The US Food and Drug Administration (FDA) has approved Gilead Sciences’ supplemental application for sofosbuvir and velpatasvir (Epclusa) to treat hepatitis C virus (HCV) in children aged 6 years and older, or weighing at least 37 pounds.

In combination with ribavirin, the drug is indicated to treat paediatric patients aged 6 and older with severe cirrhosis. Epclusa was earlier approved to treat viral disease HCV in adults. It causes inflammation of the liver that can lead to diminished liver function or liver failure.

FDA Center for Drug Evaluation and Research antivirals division director Debra Birnkrant said: “This approval will provide additional treatment options for children and adolescents with HCV.

“This approval will also be important in settings where there is limited ability for health care professionals to conduct HCV genotype testing.”

FDA approved the treatment following an open-label, multicentre clinical trial to evaluate the safety, efficacy, and pharmacokinetics of the combination therapy to treat HCV genotypes 1, 2, 3, 4, and 6.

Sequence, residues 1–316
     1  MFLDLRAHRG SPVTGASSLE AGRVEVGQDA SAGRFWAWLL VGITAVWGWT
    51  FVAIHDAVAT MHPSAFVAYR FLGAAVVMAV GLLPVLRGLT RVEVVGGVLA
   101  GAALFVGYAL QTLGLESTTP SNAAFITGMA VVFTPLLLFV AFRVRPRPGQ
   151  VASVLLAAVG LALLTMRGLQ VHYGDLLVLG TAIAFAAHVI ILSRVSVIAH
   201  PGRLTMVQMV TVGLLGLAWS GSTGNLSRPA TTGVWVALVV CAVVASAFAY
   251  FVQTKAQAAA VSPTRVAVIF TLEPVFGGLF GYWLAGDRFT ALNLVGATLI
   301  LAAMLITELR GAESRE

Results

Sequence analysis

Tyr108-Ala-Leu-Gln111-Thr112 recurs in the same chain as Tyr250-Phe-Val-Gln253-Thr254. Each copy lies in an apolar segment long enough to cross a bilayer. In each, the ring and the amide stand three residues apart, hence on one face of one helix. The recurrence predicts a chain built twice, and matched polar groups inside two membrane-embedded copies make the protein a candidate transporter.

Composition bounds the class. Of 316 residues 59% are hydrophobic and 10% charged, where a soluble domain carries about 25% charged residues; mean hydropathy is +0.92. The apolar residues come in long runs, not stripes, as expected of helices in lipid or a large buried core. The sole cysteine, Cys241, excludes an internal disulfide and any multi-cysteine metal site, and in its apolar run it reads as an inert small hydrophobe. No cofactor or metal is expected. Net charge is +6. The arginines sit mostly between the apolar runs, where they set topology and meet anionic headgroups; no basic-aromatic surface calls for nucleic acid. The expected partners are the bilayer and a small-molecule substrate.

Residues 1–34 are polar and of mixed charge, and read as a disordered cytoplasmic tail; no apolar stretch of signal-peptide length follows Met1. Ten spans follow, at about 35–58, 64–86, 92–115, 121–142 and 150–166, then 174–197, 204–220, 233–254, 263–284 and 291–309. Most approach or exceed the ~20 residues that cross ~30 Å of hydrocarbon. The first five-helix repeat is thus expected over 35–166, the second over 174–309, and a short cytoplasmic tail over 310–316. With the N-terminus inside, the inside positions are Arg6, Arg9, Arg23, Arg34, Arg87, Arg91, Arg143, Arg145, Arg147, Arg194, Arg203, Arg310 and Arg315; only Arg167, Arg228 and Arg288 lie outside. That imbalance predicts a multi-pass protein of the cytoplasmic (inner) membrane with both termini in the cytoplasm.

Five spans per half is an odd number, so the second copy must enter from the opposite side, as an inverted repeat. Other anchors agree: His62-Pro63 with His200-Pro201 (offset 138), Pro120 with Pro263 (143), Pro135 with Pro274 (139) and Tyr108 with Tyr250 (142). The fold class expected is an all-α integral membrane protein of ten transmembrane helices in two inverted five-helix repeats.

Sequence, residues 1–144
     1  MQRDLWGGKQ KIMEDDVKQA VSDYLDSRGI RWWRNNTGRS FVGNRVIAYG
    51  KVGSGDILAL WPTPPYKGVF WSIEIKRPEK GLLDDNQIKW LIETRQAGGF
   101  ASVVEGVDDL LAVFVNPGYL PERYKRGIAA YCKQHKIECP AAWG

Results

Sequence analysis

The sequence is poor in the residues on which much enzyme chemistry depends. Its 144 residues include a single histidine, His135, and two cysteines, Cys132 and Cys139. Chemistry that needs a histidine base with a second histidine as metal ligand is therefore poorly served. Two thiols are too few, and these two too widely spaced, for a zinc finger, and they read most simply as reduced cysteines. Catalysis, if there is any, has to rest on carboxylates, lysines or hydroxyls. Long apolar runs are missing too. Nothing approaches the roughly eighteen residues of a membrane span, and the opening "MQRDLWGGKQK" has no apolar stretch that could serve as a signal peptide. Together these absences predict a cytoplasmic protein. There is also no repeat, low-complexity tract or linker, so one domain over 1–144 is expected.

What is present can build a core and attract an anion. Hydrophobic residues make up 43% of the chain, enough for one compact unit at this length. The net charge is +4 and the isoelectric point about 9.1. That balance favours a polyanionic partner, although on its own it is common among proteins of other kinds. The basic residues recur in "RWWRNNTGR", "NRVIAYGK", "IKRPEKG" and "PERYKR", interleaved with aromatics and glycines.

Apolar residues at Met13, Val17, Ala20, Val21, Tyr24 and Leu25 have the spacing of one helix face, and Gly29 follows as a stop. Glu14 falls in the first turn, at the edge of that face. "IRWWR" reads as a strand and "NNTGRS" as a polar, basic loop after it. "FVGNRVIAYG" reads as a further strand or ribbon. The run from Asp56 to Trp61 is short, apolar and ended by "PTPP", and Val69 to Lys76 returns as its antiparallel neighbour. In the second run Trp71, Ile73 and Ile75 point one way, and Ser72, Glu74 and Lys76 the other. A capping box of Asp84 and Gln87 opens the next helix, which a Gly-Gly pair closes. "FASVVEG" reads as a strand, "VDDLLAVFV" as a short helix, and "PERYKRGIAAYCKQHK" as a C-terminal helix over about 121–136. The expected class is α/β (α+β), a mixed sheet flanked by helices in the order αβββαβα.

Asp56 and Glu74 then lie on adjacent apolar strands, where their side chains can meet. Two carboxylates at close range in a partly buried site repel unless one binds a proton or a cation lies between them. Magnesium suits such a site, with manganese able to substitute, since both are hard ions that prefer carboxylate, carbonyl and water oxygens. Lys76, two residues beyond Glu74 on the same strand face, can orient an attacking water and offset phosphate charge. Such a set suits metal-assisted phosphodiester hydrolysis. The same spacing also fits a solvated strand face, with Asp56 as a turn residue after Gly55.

The open-label, multicentre clinical trial recruited 173 patients

The clinical trial enrolled 173 treatment-naïve and treatment-experienced paediatric patients who were aged 6 and older without cirrhosis or with mild cirrhosis.

The agency witnessed no meaningful differences in pediatric patients compared with adults.

Safety and efficacy were comparable to those observed in adults.

Among 102 patients 12-17 years old, 93% of patients with genotype 1 and 100% of those with genotypes 2-4 and 6 had no detectable virus in their blood 12 weeks after finishing the twelve-week treatment.
Of the 71 children, ages 6-11 years old with HCV genotypes 104, 93% with genotype 1, 91% with genotype 3, and 100% with genotypes 2 and 4 had no virus detected 12 weeks after finishing treatment.

Adverse effects of the combination therapy included fatigue and headache, consistent with reactions observed in clinical trials of the treatment in adults.

The drug includes a boxed warning that hepatitis B virus (HBV) reactivation has been reported in patients infected with both HCV and HBV who were taking or had completed treatment with HCV antivirals and were not taking HBV antivirals.